Could asymptomatic carriers spread the SARS-CoV-2 infection? Experience from the Italian second wave
Journal of Translational Medicine volume 19, Article number: 93 (2021)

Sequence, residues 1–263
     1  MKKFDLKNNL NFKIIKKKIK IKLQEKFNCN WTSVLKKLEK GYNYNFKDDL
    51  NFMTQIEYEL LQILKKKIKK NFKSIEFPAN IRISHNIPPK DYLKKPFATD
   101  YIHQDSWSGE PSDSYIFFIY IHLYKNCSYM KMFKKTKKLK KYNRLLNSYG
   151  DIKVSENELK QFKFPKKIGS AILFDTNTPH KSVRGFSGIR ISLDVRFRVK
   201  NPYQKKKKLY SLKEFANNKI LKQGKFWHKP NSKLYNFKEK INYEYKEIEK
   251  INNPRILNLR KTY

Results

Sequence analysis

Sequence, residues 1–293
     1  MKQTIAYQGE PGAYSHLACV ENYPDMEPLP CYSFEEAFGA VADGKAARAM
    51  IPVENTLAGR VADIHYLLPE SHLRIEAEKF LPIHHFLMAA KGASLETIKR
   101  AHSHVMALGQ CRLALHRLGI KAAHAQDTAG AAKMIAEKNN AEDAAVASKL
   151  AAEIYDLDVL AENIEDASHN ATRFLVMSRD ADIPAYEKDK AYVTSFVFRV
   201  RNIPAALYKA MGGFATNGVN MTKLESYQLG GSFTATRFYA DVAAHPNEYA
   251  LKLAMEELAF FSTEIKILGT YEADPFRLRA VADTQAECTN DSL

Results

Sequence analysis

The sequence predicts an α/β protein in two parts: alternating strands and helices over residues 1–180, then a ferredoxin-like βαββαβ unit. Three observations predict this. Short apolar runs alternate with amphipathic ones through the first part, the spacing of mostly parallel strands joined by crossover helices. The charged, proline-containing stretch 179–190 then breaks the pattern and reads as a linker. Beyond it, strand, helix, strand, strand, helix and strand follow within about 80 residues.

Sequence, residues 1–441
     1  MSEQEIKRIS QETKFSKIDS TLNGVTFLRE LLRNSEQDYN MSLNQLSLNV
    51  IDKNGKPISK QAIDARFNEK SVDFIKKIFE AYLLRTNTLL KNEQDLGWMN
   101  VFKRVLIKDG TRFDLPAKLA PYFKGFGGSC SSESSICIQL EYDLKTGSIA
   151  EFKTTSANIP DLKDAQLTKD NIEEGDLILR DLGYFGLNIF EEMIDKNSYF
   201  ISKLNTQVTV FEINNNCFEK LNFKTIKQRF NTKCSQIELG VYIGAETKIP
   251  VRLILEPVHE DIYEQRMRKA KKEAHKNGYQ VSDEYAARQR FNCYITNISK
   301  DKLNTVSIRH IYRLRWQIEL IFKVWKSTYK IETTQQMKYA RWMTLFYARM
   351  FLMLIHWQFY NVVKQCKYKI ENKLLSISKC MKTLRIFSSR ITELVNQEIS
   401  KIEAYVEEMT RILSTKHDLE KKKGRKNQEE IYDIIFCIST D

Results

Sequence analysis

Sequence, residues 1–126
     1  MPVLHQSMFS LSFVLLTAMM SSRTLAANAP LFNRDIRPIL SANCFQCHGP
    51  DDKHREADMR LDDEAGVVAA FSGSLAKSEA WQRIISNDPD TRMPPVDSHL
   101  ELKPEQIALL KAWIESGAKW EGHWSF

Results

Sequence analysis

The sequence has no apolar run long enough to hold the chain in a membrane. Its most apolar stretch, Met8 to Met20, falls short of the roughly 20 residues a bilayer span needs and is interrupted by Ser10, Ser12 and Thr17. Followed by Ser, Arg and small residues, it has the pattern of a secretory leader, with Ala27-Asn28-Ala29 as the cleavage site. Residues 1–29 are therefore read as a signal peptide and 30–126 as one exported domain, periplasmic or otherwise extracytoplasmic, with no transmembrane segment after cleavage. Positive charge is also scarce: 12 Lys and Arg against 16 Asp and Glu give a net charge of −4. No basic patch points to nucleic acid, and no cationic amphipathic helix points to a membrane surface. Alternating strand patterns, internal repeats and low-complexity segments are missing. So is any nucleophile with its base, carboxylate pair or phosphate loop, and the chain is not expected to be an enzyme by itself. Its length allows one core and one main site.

We read with great interest the recent paper by Shiyi Cao et al.  entitled “Post-lockdown SARS-CoV-2 nucleic acid screening in nearly ten million residents of Wuhan, China” regarding the mass screening program of SARS-CoV-2 infection conducted in the metropolitan city of Wuhan, China. The authors reported the organization process, detailed technical methods used, and results of this citywide nucleic acid screening in which nearly 10 million people were recruited. This impressive screening program, conducted to evaluate the current status of infection at a given post-lockdown time point, provides a unique/extraordinary insight on the current status of the coronavirus pandemic. The authors reported 300 new asymptomatic positive cases and, in addition, 107 out 34424 previously recovered COVID-19 cases tested positive again. Interestingly, the authors highlighted that for all positive cases no “viable virus” was detected on cultures and all their close contacts tested negative for the COVID-19, which suggested the lack of evidence of transmission from asymptomatic cases. Although mass screening programs are a valid and extremely useful tools to collect important information with a high number of samples, we believe that the claims should be evaluated in the light of and compared to currently available data as well as the data cited in the article itself. There is a contradiction between the authors’ conclusions and current health recommendations for preventing the spread of COVID-19 coupled with existing literature regarding SARS-CoV-2 transmission . Data suggests and has taught us  that even among presymptomatic patients, the high levels of viral shedding in the upper respiratory tract are a key factor in the transmissibility of the infection. In addition, the viral loads of SARS-CoV-2 were found similarly high in the four canonical symptomatic groups (presymptomatic, asymptomatic, typical symptoms and atypical symptoms); SARS-CoV-2 spreads in high concentrations from the nasal cavities prior to symptom development and viable virus was found in culture also in presymptomatic cases . Additional evidence cautions on the existence of transmissibility of the asymptomatic cases as an alarm signal: He et al. argue that the transmissibility of asymptomatic cases could be lower than that of the symptomatic case  and Chen et al. reported no statistical difference in the transmissibility of asymptomatic cases versus symptomatic cases among close contacts .